I Was A Jenny Craig Dietician (Who Secretly Ate Donuts In The Bathroom)

I look back on those years and feel compassion for the young woman I was.

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I am sitting in the bathroom on the toilet seat at Jenny Craig eating a Dunkin’ Donuts maple glazed bear claw. There is a knock on the door. I lick the sticky sugar off my fingers.

“Just a minute,” I say flushing the toilet.

There is a poster on the wall of a before-and-after picture of a middle-aged red headed woman.

In the before picture she’s wearing an oversized polkadot tee shirt with loose culottes, her hair is frizzy, she is makeup-less and her skin looks ruddy.


In the after picture she’s smiling proudly with her hands on her hips, she’s wearing a form fitting red dress with white pumps. Her hair is straightened, her eyes shadowed a shimmery blue, lips painted a coral gloss. There’s a tape measure around her waist with a caption below:

‘I lost 25 pounds the Jenny Craig way just in time for my Wedding! Thank you Jenny Craig Team!’

I have been part of that "team" for three months.

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I hide the remnants of the donut wrapper in the trash bin underneath toilet seat covers, wash my hands and open the door to the bathroom. My co-worker is standing there.

Her silky blonde hair is pulled back into a high ponytail. She wears a flowery summer dress with a thin red belt that accentuates her slender waist. Is she a ‘normal’ eater? Does she eat pasta for dinner and two cookies for dessert without eating the whole bag?

“Are you feeling okay?” she asks. “You were in there a while.”

“Yes,” I say, my face turning red. “Just cramps, you know, that time of the month.”

“You’re client is waiting for you.”

As I walk back to my office I tell myself, "tomorrow, tomorrow, I’ll stop with the donuts."


If only Dunkin’ Donuts wasn’t next door. Why couldn’t it be Pinky’s Nails or Wells Fargo?  Anything but a donut shop and the warm smell of sugar drifting towards me when I arrive for work every morning.

A stocky mother in khakis and a blue button-up is sitting with her daughter in front of my desk. Before I even sit down she starts talking.

“I keep telling my daughter she’ll lose the weight if she just sticks to the meal plan.”

The girl is a sophomore in high school. She is pretty, a round figure, one that I imagined guys would consider to be ‘yummy’. She seems shy and insecure the way her gaze rests on the floor, her chestnut colored hair falling over her almond-shaped eyes.


Looking at her I remembered my own mother telling me when I was the same age to eat nothing but watermelon for a week. My mother was beautiful. I wanted to be like her, look like her.

‘I’ll eat watermelon for two weeks,’ I told myself. And I did. Day fifteen I sat alone in a booth at IHOP. “I’ll have a stack of blueberry pancakes with extra butter please,” I told the waitress.

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“Well, the meal plan is important,” I tell the mother and daughter. “There are so many delicious choices. And don’t forget, you can eat all the vegetables you want in between meals.”


What I really want to tell her is the meal plan is stupid and not worth the money and that if I didn’t desperately need a job I would quit tomorrow. And also for her mom to not pressure her daughter, that she’s beautiful as she is.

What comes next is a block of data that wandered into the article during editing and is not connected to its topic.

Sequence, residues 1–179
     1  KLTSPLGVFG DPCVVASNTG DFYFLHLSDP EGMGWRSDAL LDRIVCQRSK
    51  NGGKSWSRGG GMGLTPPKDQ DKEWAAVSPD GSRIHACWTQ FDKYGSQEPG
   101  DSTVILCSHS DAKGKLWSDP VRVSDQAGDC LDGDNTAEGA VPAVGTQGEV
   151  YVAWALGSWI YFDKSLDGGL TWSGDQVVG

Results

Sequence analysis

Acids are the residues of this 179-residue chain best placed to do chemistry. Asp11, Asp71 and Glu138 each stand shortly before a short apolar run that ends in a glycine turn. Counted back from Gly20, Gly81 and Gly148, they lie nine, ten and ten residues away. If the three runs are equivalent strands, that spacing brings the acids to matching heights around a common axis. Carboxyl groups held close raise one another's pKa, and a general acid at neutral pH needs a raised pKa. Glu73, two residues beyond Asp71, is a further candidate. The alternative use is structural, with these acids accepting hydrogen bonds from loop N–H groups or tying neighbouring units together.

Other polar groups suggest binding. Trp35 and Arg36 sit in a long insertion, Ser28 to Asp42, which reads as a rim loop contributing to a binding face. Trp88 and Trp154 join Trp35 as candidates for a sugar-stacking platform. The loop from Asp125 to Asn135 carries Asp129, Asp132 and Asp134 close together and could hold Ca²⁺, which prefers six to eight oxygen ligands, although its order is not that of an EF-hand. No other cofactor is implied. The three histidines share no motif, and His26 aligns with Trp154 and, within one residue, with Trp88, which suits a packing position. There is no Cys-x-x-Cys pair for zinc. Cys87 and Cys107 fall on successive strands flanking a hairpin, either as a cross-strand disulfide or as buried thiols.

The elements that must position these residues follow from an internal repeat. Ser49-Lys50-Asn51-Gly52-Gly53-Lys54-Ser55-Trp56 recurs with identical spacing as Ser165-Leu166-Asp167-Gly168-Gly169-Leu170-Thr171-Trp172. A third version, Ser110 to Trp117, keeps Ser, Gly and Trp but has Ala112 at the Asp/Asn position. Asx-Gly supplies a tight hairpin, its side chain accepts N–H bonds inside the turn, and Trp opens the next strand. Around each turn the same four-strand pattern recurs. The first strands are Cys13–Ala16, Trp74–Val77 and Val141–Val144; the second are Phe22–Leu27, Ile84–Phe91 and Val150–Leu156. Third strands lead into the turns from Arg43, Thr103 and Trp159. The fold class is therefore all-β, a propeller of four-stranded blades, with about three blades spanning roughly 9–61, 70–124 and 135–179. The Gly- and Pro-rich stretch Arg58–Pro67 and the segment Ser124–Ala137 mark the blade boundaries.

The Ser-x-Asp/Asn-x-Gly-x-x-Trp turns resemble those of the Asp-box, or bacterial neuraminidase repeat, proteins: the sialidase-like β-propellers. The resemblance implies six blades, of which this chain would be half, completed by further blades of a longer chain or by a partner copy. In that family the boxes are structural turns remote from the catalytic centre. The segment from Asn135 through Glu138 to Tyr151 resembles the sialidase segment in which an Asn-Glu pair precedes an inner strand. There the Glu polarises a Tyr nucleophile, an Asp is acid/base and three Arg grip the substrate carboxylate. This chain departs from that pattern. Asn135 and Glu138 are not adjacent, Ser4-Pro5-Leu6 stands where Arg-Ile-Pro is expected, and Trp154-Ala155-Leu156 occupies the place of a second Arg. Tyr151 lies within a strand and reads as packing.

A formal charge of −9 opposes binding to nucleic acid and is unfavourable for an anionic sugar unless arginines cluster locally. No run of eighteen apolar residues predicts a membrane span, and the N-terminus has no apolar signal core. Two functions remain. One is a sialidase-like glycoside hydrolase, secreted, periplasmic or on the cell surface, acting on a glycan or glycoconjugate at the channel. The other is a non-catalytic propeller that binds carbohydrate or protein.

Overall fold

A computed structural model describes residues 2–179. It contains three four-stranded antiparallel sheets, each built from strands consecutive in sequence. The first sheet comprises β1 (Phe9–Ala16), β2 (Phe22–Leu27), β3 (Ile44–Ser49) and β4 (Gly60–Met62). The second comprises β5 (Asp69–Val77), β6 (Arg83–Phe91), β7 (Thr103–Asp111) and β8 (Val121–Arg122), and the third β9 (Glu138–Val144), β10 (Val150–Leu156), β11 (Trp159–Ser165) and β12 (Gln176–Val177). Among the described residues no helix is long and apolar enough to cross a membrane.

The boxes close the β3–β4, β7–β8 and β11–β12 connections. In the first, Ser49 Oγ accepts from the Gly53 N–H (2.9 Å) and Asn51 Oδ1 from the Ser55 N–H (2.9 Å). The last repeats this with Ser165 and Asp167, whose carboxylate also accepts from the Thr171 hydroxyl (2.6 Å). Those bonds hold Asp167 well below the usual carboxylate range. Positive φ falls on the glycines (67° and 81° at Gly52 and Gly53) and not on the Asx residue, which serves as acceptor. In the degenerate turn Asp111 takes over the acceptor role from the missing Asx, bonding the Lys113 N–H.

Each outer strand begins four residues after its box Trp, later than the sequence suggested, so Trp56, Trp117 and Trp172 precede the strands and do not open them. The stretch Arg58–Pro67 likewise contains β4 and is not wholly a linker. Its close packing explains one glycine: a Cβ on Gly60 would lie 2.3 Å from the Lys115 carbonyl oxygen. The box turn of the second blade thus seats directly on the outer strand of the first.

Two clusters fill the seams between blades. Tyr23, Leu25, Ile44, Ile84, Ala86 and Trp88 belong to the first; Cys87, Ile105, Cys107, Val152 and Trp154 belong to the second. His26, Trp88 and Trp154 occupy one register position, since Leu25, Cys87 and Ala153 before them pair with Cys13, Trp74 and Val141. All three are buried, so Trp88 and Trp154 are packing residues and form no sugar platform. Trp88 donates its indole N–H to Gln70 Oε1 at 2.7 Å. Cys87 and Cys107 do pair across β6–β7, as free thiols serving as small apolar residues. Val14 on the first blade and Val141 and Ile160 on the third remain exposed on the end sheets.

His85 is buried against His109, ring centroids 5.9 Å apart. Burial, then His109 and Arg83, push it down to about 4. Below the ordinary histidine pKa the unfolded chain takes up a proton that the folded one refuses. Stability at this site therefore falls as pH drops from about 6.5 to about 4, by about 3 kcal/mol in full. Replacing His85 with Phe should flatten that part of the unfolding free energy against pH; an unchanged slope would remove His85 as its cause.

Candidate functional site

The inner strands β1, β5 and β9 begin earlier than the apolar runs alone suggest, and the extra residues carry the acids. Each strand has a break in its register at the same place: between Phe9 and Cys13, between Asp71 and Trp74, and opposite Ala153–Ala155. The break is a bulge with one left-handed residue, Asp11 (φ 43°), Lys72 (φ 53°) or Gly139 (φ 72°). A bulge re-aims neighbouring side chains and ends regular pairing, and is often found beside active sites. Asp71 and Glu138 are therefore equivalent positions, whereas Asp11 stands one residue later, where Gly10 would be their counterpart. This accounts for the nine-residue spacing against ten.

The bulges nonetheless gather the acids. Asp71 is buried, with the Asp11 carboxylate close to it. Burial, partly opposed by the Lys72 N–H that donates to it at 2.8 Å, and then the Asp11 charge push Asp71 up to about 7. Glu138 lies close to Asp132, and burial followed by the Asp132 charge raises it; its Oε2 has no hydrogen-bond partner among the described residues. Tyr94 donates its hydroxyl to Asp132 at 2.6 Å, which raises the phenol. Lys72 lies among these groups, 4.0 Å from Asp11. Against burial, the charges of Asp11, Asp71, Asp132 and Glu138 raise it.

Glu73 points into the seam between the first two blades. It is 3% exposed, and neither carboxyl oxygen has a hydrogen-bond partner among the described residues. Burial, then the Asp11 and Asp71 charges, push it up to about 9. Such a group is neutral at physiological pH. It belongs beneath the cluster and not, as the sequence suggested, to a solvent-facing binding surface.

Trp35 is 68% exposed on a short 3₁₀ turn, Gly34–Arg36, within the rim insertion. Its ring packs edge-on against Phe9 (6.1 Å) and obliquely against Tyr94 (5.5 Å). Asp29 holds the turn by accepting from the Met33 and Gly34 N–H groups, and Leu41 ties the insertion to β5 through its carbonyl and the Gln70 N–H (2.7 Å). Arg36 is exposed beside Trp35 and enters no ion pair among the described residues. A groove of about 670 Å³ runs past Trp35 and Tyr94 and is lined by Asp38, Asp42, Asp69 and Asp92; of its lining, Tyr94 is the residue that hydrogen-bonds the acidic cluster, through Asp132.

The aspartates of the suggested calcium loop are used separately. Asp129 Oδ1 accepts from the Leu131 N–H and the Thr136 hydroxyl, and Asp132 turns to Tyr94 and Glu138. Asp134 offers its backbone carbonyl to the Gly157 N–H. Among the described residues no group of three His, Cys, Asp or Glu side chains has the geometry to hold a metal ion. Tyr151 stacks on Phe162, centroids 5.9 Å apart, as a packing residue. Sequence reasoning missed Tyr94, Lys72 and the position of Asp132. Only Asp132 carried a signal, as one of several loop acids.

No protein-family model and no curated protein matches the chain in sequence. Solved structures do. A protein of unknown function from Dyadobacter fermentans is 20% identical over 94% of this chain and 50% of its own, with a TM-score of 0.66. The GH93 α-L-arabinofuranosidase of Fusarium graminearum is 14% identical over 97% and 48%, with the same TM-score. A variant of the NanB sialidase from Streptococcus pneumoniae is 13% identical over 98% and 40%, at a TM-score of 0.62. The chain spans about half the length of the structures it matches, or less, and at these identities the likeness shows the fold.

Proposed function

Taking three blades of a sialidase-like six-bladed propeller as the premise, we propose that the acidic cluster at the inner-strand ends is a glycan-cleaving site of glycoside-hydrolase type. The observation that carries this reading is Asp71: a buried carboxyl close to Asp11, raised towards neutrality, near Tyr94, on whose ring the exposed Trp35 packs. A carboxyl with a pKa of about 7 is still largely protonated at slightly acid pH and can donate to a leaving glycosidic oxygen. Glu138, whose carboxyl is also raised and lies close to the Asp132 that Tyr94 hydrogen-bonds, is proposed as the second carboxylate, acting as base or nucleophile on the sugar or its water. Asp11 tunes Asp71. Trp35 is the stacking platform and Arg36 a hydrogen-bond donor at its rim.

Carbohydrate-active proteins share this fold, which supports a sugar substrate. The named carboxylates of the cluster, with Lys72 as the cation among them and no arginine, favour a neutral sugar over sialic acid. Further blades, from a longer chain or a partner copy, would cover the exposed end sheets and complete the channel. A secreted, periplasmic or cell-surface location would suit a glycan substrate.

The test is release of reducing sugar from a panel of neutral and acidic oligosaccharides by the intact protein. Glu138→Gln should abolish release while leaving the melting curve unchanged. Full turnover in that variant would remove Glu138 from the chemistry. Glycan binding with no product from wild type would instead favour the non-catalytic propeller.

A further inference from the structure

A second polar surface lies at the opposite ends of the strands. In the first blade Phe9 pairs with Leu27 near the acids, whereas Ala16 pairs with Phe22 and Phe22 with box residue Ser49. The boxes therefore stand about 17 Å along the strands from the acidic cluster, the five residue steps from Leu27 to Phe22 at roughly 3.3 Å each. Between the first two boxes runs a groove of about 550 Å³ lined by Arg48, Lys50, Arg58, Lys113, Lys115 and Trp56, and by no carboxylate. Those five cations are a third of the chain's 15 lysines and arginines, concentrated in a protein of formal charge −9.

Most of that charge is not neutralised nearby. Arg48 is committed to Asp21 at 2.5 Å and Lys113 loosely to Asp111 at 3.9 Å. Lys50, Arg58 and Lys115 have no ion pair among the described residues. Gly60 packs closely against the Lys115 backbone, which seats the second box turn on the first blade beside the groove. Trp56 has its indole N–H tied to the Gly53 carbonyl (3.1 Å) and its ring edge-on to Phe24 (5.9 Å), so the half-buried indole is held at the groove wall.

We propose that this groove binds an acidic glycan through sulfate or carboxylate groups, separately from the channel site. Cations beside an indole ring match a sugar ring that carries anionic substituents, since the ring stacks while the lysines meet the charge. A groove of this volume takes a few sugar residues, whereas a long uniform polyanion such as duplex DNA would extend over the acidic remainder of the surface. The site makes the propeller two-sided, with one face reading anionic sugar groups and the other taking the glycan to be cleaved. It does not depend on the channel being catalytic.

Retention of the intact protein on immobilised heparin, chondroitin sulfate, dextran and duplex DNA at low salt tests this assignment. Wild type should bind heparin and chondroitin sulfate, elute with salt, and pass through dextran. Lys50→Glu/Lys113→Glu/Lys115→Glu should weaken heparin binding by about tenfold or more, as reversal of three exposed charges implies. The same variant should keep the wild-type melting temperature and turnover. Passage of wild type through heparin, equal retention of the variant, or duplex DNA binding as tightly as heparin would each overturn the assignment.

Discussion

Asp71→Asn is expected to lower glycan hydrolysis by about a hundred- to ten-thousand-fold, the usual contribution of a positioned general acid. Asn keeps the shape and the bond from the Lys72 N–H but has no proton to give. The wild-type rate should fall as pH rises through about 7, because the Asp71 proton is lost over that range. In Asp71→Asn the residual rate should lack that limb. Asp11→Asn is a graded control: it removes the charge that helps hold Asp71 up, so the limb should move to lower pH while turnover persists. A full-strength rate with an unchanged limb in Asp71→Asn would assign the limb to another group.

“How do you maintain your figure?” the mother asks me.  “Have you done the meal plan?”

“I have,” I say.

I wasn’t lying. I had. It was part of the mandatory seven-day training.

Only I didn’t tell her I was starving on it and kept protein bars in my purse to eat in the bathroom during break times or that on the way home every day I stopped for a pint of frozen yogurt.

I also didn’t tell her that my regular method consisted of binging on meatball subs and chocolate malts for days followed by a week of an extensive exercise routine and either the maple syrup cayenne pepper fast or the cabbage soup diet.


Or that I’m sure I would have been a bulimic if I had been able to bring myself to stick my finger down my throat.

Now, a decade later, I look back on those years and feel compassion for the young woman I was. For the negative body image, insecurity and self-loathing I had. The way food ruled and shaped my days. I remembered thinking how desperately I wanted to be free of the obsession but couldn’t ever imagine that happening.

I can’t say when exactly something shifted but over the years I have changed. I don’t hide in bathrooms anymore shamefully eating or obsessively think about food and my body all day every day.


I still don’t consider myself a ‘normal’ eater or someone who can live with chocolate chip cookies and salted caramel ice cream in the house without being worried about staying away from it. And I’ve still been known to pour dish soap on leftover food for fear of coming back to it late in the night but comparatively speaking something over the years has lifted.

I am not consumed by thoughts of food. I don’t binge, do fad diets or exercise compulsively. Yes, I do mainly eat proteins, fruits, and vegetables, but I am able to go out with friends for dinner and share a decadent dessert, eat a cream puff or the icing off a cupcake, or two, and to do so without feeling guilty.

For a woman like me that is far more than I ever expected. Maybe in my fifties, I’ll even be able to live with thickly frosted cake in the fridge and go to bed peacefully without having poured dish-soap on it so I won’t be tempted.

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Hannah Sward is a writer in Los Angeles. She received her BA in Creative Writing from Antioch University.